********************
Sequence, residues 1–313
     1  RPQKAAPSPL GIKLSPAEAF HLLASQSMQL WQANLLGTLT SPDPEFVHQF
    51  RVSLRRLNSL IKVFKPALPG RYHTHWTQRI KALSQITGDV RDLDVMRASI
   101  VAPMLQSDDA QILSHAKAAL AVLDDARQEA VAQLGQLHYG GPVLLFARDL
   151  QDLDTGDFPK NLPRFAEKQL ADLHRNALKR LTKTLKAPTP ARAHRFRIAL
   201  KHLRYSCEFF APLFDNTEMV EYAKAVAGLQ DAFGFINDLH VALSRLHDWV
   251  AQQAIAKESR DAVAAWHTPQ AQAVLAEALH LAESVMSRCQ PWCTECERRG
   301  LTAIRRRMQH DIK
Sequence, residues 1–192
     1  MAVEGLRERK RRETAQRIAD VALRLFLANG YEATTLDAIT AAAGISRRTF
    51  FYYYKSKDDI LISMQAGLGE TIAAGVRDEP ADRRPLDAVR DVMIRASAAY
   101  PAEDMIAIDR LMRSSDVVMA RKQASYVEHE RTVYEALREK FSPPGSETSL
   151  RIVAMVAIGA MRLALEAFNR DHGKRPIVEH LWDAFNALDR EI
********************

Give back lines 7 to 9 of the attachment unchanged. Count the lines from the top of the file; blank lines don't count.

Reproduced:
   251  AQQAIAKESR DAVAAWHTPQ AQAVLAEALH LAESVMSRCQ PWCTECERRG
   301  LTAIRRRMQH DIK
Sequence, residues 1–192